There are a multitude of repercussions if email-based threats such as ransomware, phishing, or viruses make it into your email servers and users’ inboxes.  Given today’s complex threats, it is crucial that organizations deploy a multi-layered security solution that includes dedicated, leading edge email protection.

Even with the knowledge of that threat, it is becoming increasingly difficult to accurately detect all of the bad emails without creating a bottleneck and dampening your employee productivity. This is especially true for emails containing attachments.

So what can you do to protect your environment at an email level while not slowing down your critical business processes? Dell and SonicWall can help you answer that question.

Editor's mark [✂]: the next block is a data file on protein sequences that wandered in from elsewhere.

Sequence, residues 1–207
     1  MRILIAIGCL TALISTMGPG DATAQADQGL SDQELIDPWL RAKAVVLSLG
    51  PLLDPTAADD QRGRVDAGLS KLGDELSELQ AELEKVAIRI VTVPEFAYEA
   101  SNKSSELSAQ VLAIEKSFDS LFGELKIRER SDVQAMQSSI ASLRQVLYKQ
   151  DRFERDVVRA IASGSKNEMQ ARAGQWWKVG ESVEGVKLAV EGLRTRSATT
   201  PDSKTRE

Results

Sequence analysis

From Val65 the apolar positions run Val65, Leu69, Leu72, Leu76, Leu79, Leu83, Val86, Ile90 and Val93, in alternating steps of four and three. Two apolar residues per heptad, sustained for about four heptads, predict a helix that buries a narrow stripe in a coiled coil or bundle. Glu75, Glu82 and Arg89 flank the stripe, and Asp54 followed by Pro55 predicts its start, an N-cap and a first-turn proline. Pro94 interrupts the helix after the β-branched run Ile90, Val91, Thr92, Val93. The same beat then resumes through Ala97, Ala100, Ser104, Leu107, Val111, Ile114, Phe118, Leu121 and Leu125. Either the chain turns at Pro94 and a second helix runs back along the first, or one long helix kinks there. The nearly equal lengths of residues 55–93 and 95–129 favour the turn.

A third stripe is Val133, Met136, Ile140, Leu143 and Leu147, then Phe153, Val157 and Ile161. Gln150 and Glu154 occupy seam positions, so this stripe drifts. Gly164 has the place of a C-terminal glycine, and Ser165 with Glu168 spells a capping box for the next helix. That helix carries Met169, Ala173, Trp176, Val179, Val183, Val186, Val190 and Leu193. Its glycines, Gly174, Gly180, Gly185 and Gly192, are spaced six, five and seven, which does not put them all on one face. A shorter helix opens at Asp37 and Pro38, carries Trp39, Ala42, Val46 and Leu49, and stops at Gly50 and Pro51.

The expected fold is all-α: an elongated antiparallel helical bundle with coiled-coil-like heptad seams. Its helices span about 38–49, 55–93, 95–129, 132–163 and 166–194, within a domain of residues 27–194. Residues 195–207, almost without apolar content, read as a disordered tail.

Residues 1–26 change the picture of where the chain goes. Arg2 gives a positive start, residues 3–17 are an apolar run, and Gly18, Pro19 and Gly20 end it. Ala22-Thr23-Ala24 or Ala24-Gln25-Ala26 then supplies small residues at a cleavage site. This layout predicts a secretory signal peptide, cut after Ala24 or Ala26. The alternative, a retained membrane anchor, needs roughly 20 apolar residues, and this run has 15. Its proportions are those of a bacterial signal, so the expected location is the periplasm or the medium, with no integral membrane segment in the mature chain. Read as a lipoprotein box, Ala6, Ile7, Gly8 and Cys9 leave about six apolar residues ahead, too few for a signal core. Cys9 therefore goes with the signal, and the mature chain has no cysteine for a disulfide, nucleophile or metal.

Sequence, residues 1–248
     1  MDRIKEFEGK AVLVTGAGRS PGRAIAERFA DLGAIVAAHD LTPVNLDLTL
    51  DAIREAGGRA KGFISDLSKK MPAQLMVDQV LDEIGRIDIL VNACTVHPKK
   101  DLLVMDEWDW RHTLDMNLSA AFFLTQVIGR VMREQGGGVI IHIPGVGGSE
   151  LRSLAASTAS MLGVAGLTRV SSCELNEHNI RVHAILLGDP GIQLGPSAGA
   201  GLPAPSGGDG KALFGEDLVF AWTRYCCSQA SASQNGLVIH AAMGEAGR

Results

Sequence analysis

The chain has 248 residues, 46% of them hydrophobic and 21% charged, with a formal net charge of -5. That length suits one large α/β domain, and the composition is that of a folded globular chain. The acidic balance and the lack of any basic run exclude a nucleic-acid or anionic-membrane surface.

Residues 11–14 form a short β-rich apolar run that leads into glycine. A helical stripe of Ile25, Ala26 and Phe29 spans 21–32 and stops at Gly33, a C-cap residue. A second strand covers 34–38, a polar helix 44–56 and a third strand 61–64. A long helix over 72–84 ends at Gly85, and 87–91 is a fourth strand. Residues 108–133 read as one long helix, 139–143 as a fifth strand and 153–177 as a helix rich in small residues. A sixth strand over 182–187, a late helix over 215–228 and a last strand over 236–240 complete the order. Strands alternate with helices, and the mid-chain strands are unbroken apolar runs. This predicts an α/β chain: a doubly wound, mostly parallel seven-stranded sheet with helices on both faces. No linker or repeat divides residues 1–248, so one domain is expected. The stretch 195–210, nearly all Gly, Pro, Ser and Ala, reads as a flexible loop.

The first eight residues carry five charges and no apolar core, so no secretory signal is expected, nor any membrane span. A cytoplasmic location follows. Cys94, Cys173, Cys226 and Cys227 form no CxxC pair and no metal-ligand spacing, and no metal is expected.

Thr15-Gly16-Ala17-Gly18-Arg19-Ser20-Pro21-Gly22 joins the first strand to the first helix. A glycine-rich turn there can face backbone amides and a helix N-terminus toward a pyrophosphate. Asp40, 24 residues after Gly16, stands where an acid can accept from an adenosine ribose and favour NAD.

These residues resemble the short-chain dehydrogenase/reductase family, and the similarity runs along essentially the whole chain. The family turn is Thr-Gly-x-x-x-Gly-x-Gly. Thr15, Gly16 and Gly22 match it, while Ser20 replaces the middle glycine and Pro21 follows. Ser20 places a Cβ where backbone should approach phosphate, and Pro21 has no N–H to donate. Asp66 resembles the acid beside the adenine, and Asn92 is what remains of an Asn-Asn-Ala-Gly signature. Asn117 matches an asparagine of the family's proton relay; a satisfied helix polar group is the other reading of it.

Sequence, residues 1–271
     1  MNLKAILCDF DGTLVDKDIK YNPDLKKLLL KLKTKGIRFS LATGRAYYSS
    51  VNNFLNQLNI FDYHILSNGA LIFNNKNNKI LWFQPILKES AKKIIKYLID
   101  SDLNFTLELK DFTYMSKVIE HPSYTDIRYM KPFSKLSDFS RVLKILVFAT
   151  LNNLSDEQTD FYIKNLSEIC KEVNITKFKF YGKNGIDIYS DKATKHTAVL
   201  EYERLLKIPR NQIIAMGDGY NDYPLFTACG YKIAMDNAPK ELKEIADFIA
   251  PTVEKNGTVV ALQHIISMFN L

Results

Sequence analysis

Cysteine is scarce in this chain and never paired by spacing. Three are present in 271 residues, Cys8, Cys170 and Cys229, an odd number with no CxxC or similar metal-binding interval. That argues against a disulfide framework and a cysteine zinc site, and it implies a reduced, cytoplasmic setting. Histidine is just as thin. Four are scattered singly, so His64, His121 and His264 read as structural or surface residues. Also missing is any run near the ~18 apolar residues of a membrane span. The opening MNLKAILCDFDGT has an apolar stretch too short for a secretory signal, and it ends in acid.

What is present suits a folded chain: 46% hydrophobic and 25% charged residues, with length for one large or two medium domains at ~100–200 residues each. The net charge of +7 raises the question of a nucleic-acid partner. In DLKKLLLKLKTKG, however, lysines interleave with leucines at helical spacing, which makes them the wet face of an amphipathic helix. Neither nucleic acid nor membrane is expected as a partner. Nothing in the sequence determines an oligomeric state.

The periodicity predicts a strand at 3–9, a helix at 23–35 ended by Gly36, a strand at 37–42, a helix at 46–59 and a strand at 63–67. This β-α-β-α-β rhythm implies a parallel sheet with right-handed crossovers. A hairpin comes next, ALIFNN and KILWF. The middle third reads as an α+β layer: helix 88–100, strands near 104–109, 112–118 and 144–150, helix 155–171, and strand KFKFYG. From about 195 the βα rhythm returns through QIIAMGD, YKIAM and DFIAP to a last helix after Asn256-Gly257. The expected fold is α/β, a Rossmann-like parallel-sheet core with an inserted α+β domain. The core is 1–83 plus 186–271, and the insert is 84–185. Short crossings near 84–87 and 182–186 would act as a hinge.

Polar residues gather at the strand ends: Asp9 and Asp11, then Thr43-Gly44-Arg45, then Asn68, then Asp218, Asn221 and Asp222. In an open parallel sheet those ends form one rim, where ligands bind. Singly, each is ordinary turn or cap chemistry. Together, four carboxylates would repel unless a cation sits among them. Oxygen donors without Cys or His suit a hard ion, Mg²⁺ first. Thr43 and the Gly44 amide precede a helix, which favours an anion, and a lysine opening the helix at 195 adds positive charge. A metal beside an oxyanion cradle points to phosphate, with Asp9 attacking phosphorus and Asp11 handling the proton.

SonicWall Email Security leverages multiple patented SonicWall threat detection techniques and a unique worldwide attack identification and monitoring network. This next-generation SonicWall Email Security solution protects your organization from today’s most advanced email threats.

SonicWall Email Security includes the cloud-based Capture ATP (Advanced Threat Protection) service that can scan a broad range of email attachment types, analyze them in a multi-engine sandbox, and block dangerous files or emails before they reach your network. Email Security with Capture ATP gives you a highly effective and responsive defense against email threats, all at a low TCO.

SonicWall Email Security features include: